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Boomkat Product Review:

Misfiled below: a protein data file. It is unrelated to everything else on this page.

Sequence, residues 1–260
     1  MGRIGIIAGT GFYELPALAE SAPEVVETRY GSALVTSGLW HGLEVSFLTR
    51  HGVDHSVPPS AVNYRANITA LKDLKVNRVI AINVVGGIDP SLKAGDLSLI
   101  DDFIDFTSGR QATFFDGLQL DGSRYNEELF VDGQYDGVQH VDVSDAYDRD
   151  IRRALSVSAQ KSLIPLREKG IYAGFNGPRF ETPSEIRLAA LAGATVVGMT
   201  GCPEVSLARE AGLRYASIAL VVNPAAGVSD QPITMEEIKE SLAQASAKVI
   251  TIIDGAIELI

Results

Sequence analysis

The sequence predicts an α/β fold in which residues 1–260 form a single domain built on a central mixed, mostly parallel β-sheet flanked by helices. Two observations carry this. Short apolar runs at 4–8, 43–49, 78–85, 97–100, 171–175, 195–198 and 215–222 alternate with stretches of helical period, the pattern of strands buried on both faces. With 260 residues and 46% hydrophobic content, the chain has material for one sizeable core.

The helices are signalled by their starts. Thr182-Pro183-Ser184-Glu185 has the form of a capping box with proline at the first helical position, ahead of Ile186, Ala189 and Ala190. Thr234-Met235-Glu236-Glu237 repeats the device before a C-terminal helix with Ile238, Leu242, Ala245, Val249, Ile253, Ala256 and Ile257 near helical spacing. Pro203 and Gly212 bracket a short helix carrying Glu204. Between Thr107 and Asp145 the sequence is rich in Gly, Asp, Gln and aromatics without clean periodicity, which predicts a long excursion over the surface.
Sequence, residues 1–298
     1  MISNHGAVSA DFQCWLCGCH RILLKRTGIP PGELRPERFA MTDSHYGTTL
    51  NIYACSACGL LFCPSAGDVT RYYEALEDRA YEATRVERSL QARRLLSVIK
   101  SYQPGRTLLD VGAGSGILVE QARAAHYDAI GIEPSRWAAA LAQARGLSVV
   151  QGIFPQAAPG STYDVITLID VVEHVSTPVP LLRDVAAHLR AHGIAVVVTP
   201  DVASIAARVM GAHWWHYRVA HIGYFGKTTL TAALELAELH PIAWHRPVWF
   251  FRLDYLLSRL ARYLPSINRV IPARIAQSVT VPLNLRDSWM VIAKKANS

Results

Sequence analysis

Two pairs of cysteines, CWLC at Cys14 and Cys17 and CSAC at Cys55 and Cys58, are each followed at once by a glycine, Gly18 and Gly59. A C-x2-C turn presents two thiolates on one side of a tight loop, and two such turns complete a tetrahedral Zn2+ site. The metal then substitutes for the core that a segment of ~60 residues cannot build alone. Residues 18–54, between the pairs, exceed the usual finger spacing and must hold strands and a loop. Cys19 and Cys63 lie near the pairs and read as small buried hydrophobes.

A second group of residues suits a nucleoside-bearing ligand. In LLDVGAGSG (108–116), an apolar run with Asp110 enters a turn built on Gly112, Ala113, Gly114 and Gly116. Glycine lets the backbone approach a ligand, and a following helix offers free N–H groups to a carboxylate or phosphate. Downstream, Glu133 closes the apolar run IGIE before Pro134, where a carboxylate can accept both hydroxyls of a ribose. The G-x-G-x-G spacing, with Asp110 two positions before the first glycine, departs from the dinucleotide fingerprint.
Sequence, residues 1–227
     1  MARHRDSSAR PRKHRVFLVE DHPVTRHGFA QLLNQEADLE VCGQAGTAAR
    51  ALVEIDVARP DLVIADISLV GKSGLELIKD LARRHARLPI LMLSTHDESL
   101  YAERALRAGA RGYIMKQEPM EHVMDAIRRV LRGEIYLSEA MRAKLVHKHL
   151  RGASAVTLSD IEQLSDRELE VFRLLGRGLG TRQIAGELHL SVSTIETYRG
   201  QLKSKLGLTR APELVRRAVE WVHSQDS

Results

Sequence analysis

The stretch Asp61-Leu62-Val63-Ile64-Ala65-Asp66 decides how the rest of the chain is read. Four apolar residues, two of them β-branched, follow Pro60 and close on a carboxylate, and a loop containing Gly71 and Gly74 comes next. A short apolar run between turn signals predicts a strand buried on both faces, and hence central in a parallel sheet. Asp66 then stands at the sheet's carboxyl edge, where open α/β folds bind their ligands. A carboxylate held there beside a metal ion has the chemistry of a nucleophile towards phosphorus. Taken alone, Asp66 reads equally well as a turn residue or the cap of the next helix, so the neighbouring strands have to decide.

**Class 14-track collection documenting Lee Perry's influential times at West Indies Records Limited** "This period at WIRL saw some inspired work from Perry. 'Run For Cover' was another musical blow to a previous employer, Coxonne Dodd and featured the Sensations on backing vocals and Lynn Taitt's guitar picking skills. 'People Funny Boy' was a massive hit for Perry going on to sell over 60,000 copies. Joe Gibbs would be at the end of this musical attack. Perry had felt Joe Gibbs had turned his back on him, after he had provided hits for groups like, The Pioneers amongst others. The song would be one of the first records to feature a New Beat (Reggae) inspired by the sounds coming out of a Pocomania Church, Perry had heard one night.The congregation inside, wailed in a more slower way than the current musical style of the time, Ska! Perry worked up this new style with Clancy Eccles, who would come under attack himself in 'You Crummy'. Their closeness, which as detailed in that song would find them, 'Even shared the same Gal' but 'Now it's plain to see we reached the end'. 'Set Them Free' was an answer record to Prince Buster's 'Judge Dread' (which had featured Perry on it) a plea to the Judges in Jamaica that handed out extremely harsh sentences to the young offenders of the time. The track was cut on the same rhythm as 'Run For Cover' . 'Django Shoots First' inspired by the Spaghetti Western film of the same name, features Sir Lord Comic. One of the early DJ's who used a jive talking style over rhythms. 'Night Doctor' was a hit instrumental that featured the organ talents of Ansel Collins, that really push the tune along. 'Something You Got' was a cover of an USA R& B track by Chris Kenner and 'Wind Up Girl' was cut at the same session. 'Water Pump' was a rude style track that was cut later and originally released in 1974.As was 'People Sokup Boy' a later version of 'People Funny Boy'. 'Labrish' which means idol talk and gossip, was one of the first great talk over tunes that features Lee Perry and producer Bunny 'Striker' Lee talking about the Political situation in Jamaica at the time and their own financial situation and stories of various comrades.The track was originally released in 1973."